Rangers designate Julio Borbon for assignment

3 Comments

Once upon a time Julio Borbon looked like he might be the Rangers’ long-term answer in center field, but he fell behind Leonys Martin and Craig Gentry on the depth chart and today they designated the former first-round pick for assignment.

Borbon is still just 27 years old and actually fared pretty well at Triple-A last season, hitting .304 with 10 homers, 20 steals, and a .783 OPS in 126 games. He’s also held his own reasonably well in the majors, batting .283 with a .681 OPS in 216 games, although he hasn’t played regularly in the big leagues since 2010.

He no longer looks like a starting-caliber player, but a speedy 27-year-old center fielder with a decent track record should draw some trade interest or at least get scooped up off the waiver wire quickly.

Ex-Angels employee charged in overdose death of Tyler Skaggs

AP Photo
4 Comments

FORT WORTH, Texas — A former Angels employee has been charged with conspiracy to distribute fentanyl in connection with last year’s overdose death of Angels pitcher Tyler Skaggs, prosecutors in Texas announced Friday.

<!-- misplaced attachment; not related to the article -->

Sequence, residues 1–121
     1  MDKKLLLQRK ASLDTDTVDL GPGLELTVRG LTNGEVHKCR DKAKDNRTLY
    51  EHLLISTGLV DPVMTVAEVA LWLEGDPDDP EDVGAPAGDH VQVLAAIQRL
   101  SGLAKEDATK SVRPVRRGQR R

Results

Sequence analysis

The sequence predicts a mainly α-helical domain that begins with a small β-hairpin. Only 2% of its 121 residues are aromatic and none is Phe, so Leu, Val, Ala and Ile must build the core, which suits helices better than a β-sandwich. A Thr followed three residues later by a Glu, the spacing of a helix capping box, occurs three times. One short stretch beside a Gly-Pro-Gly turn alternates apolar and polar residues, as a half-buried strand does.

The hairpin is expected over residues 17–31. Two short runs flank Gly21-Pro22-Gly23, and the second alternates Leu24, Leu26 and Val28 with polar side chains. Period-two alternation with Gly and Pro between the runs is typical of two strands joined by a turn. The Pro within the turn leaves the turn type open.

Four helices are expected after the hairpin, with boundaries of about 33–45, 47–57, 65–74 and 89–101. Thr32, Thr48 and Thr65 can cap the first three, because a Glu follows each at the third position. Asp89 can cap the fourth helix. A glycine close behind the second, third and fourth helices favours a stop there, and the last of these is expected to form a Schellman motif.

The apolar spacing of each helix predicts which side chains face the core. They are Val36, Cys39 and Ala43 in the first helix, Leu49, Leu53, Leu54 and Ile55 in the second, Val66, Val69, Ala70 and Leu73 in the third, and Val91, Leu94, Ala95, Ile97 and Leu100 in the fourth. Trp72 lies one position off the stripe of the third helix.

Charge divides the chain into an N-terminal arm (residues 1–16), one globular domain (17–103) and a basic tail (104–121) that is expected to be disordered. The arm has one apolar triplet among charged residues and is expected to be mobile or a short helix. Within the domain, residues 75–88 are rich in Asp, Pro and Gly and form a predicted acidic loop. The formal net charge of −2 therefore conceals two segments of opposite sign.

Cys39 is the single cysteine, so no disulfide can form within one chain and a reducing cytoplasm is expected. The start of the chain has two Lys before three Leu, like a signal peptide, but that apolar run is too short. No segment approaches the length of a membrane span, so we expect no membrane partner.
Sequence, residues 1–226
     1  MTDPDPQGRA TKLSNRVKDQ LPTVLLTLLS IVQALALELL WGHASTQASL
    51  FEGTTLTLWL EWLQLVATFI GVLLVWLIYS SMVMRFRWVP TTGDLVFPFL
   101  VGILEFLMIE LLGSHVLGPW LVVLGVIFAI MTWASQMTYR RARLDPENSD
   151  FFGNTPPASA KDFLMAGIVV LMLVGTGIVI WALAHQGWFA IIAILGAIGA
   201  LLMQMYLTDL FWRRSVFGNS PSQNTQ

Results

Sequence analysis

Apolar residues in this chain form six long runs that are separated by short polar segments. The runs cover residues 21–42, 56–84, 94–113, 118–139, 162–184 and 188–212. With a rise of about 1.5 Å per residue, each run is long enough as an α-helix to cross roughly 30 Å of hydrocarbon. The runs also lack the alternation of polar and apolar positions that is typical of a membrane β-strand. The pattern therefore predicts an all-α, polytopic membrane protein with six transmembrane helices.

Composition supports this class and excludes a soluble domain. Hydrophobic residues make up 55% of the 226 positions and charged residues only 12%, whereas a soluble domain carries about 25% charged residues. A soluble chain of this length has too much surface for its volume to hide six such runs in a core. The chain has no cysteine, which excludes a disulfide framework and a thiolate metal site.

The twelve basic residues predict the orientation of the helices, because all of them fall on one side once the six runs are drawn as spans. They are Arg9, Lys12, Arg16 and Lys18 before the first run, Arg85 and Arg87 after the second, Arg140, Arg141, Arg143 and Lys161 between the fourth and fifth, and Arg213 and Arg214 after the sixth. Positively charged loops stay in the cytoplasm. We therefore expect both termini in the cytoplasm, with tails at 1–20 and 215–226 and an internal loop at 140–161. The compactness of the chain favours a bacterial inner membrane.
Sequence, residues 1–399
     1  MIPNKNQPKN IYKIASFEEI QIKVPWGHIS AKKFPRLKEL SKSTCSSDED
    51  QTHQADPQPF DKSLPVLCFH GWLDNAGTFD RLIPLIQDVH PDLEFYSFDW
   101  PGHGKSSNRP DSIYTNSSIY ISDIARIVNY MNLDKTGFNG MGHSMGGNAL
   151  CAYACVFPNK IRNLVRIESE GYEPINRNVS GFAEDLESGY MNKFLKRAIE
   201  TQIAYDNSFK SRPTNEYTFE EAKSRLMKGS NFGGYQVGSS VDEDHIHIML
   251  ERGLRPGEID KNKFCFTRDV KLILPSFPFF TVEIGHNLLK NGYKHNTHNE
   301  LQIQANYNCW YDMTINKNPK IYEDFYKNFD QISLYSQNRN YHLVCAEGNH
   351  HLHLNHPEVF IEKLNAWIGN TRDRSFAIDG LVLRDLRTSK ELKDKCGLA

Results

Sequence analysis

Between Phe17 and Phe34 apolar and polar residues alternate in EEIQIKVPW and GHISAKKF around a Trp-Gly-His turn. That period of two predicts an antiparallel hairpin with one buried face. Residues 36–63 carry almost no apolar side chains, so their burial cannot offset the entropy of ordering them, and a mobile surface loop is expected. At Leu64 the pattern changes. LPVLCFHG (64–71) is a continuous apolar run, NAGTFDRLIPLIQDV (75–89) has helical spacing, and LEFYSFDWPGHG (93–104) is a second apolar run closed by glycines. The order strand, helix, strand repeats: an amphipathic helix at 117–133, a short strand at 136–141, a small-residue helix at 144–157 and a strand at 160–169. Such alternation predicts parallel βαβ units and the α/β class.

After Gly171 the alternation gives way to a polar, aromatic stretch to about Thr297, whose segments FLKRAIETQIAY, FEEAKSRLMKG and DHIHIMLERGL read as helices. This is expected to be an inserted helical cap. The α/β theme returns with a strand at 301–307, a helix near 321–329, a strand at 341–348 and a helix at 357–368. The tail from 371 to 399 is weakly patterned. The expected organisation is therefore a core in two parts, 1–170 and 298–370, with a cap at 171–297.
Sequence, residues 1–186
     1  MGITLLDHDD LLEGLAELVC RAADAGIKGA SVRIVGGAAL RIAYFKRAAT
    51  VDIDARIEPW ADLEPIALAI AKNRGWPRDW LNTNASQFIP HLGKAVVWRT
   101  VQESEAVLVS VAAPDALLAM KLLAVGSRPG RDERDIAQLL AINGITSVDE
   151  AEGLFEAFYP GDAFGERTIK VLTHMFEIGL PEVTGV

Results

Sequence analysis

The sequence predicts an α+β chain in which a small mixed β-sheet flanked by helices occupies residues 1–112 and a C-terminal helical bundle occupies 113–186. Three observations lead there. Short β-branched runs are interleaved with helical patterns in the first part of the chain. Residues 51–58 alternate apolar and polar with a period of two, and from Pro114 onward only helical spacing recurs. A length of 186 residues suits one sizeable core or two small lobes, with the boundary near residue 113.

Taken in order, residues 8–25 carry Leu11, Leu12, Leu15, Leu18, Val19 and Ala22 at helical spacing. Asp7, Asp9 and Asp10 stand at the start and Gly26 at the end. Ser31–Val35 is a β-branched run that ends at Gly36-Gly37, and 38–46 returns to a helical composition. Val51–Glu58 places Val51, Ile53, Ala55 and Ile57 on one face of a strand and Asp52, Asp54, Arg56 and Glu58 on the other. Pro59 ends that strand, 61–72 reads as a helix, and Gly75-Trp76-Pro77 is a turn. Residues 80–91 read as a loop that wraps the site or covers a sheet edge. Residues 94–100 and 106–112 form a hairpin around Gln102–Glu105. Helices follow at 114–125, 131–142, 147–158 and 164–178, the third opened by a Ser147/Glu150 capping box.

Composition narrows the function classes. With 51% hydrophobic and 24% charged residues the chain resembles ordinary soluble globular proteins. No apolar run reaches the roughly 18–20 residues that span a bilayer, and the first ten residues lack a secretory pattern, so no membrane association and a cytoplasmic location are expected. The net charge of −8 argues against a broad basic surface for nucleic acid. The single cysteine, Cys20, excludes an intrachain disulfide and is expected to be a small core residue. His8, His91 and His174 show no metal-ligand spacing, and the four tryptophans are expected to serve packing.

Eric Prescott Kay was arrested in Fort Worth, Texas, and made his first appearance Friday in federal court, according to Erin Nealy Cox, the U.S. Attorney for the Northern District of Texas. Kay was communications director for the Angels.

Skaggs was found dead in his hotel room in the Dallas area July 1, 2019, before the start of what was supposed to be a four-game series against the Texas Rangers. The first game was postponed before the teams played the final three games.

Skaggs died after choking on his vomit with a toxic mix of alcohol and the powerful painkillers fentanyl and oxycodone in his system, a coroner’s report said. Prosecutors accused Kay of providing the fentanyl to Skaggs and others, who were not named.

“Tyler Skaggs’s overdose – coming, as it did, in the midst of an ascendant baseball career – should be a wake-up call: No one is immune from this deadly drug, whether sold as a powder or hidden inside an innocuous-looking tablet,” Nealy Cox said.

If convicted, Kay faces up to 20 years in prison. Federal court records do not list an attorney representing him, and an attorney who previously spoke on his behalf did not immediately return a message seeking comment.